“We spend so much of our time racing to work or getting the kids to school, all which utilize our fight-or-flight nervous system, or sympathetic nervous system. Acupuncture helps us relax and shift into our parasympathetic, or rest-and-digest, nervous system.”

This process increases hormones associated with a positive mood.

“This important shift changes our neurochemistry, increasing our ‘happy’ hormones, such as serotonin and epinephrine, and decreasing our main ‘stress’ hormone, cortisol.”


In addition to increasing serotonin, a 2016 review of both animal and human studies suggested that acupuncture may help treat depression. A 2019 case studyTrusted Source on a person diagnosed with depression suggested that acupuncture may even be associated with decreases in suicidal intention.

You’re likely to leave your next acupuncture session feeling happier and relaxed due to the release of gamma aminobutyric acid (GABA), a relaxation amino acid.

Along with GABA, acupuncture may also encourage the release of:

  • serotonin
  • epinephrine
  • dopamine

Research assessing the impact of acupuncture on stress tends to focus on specific objective parameters of stress. These include:

  • blood pressure
  • heart rate
  • cortisol levels

“Acupuncture has been shown in studies to decrease the activation of the stress response and various indicators of stress in the body and improve the patient experience with stress and anxiety.”

“Acupuncture relaxes the system and mitigates the repercussions of stress created by our daily lives.” “Acupuncture is an essential tool for both physical and mental well-being, de-stress and re-energize.”

There is quite a bit of research that addresses the effectiveness of acupuncture on stress.

An older 2002 study of advanced heart failure patients found that acupuncture helped diminish stress.

The study demonstrated that acupuncture can help inhibit activation of the sympathetic nervous system in heart failure patients under stress. In other words, acupuncture may help prevent the activation of the stress response.

A randomized controlled clinical trial published in 2017 tested the effects that traditional acupuncture had when compared with sham acupuncture used as a control.

Participants were people who studied or worked on a large, urban college campus. Those in both the traditional acupuncture and sham acupuncture group showed a substantial initial decrease in perceived stress scores within the first few weeks.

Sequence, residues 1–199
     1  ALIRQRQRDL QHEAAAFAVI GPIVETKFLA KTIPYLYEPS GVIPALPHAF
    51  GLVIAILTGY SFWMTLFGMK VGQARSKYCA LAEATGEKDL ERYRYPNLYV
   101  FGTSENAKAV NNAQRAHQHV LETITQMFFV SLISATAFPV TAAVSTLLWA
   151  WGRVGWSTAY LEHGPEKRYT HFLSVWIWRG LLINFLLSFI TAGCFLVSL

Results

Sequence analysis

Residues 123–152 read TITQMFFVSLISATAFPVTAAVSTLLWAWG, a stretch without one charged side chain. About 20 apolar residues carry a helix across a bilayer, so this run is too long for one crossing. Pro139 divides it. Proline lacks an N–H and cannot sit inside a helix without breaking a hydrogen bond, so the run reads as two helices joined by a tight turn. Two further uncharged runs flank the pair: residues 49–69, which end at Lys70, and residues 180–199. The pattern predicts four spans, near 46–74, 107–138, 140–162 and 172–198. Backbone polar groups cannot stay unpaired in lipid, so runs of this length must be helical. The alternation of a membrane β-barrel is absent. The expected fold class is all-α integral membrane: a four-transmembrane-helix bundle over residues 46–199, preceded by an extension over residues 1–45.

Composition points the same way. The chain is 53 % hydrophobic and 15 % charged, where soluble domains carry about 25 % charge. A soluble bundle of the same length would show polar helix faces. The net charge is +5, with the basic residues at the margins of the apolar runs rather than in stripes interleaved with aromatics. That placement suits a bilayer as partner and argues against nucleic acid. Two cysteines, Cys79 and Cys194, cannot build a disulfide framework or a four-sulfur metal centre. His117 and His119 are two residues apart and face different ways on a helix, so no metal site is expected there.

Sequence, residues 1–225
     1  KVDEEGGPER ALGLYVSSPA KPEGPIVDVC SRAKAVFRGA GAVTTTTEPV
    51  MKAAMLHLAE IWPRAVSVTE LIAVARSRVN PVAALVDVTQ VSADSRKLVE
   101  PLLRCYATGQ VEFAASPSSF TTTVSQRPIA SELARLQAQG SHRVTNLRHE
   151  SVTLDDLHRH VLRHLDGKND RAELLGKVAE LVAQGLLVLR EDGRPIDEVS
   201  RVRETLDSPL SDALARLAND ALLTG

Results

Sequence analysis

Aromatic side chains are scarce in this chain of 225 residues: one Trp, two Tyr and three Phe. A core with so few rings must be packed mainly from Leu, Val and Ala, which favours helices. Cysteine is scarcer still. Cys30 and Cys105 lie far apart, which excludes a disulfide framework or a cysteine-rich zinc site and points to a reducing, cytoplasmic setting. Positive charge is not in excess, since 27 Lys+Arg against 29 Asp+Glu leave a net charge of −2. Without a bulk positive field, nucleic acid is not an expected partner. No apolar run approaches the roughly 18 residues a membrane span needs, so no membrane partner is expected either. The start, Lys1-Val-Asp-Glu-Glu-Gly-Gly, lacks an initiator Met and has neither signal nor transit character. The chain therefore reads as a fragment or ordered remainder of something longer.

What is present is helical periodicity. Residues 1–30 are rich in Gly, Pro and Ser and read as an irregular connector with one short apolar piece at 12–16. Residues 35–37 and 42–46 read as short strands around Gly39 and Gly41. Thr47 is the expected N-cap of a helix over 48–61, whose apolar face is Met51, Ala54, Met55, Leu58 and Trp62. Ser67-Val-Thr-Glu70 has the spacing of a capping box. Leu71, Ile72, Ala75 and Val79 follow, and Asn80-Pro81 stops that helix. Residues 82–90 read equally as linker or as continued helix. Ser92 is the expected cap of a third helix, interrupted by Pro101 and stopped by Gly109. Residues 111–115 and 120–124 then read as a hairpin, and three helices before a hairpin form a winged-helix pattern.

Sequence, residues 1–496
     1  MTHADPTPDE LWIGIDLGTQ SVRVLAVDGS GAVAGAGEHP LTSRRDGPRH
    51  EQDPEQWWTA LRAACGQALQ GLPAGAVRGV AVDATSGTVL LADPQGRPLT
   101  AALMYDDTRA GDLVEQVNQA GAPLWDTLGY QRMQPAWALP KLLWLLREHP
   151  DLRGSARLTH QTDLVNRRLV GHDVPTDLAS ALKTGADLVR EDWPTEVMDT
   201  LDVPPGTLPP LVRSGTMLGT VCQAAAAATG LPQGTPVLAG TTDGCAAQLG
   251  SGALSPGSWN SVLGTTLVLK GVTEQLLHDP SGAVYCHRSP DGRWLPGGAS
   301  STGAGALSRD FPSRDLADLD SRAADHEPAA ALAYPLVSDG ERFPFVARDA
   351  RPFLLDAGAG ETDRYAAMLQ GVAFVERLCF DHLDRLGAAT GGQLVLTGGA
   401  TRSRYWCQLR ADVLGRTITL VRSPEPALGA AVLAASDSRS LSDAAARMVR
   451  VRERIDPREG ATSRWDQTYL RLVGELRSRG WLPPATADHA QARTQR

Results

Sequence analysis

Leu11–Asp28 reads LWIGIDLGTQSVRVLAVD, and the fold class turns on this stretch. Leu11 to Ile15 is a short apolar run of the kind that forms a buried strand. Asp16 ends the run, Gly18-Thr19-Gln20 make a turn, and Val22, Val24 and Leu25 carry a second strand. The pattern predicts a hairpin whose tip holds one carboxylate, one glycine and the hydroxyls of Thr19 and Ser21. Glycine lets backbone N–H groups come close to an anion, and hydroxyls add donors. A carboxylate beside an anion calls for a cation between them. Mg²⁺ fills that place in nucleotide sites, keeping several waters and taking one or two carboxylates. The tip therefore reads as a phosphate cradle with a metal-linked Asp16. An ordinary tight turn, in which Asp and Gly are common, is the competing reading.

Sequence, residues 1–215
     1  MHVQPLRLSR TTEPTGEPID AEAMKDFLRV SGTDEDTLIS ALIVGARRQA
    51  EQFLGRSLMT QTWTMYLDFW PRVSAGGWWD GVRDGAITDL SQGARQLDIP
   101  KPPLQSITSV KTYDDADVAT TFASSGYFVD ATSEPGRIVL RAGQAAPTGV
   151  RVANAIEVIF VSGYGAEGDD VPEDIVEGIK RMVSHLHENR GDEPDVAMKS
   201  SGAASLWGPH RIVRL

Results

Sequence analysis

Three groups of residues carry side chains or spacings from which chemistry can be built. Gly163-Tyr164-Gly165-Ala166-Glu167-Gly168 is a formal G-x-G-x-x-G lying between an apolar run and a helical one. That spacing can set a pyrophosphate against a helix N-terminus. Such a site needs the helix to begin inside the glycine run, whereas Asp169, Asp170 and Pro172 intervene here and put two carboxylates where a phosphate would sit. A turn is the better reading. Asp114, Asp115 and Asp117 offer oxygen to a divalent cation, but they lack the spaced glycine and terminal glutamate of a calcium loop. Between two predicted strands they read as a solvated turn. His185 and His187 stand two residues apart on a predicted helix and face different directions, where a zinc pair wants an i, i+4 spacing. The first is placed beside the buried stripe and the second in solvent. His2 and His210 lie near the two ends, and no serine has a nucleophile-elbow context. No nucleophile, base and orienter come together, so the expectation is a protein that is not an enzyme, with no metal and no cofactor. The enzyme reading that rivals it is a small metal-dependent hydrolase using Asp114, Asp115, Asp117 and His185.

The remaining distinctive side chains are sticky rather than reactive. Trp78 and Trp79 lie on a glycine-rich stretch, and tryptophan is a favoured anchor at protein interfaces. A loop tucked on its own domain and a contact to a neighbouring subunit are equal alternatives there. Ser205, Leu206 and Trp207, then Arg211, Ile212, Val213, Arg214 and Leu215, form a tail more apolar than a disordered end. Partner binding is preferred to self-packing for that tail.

At 12 weeks post-treatment, the traditional acupuncture group showed a significantly greater treatment effect than the sham acupuncture group. The study also demonstrated that effects can persist for at least 3 months after completion of treatment.

In a 2018 study of 75 women with fibromyalgia, real acupuncture showed improvement for longer periods of time than sham acupuncture.

Acupuncture Proactively Reduces Stress.

Here’s how.

Yes, there are needles, and they don’t hurt. To restore the body’s stress equilibrium, we use very fine needles inserted just under the skin to stimulate our body’s acupressure points and meridians and improve the flow of Qi (pronounced “chee”), or vital energy in our systems. After an extensive evaluation, your practitioner will determine the best points to place the needles on your body. You’ll lay on a padded table, and your acupuncturist will begin placing needles with a light tap at each site. The needles are so fine that you’ll barely feel it. There may be one that feels “strong” or like a mosquito bite.

  1. Acupuncture sessions provide relaxation time. In addition to the healing effects the needles offer, the session itself calms and relaxes you. After placing the needles, you’ll rest for about 30 minutes and allow the treatment to unfold. During this time, you can listen to soft music, rest your eyes, or even fall lightly asleep.
  2. There are no side-effects with acupuncture. Since acupuncture is a drug-free treatment modality, you won’t have to worry about the side effects that many drugs carry. Further, you can also rest assured there will not be any adverse drug interactions with your current medications. Your acupuncturist will recommend a treatment frequency to help you achieve your desired stress-reduction objectives.
  3. Acupuncture uses your body’s internal mechanisms to bring relief. When the fine needles stimulate nerves under the skin, the nerve sends a message to the brain, telling it to release our natural pain killers, called endorphins. These natural brain chemicals cause us to relax and feel euphoric or happy. Acupuncture also helps our bodies naturally reduce inflammation and pain as well, which can both increase with chronic stress. Beyond that, study is showing more and more that acupuncture can amazing benefits to your neural function and chemical balance.
  4. Going to your appointment means taking much needed time for self-care. Unlike popping a pill and soldiering on, scheduling and attending an acupuncture appointment adjusts your focus back on yourself. Part of reducing stress is changing our mindsets and habits. Not only is acupuncture effective in changing your internal stress-induced chemistry but maintaining a consistent treatment schedule helps you make time for yourself and re-prioritize your stressful habits.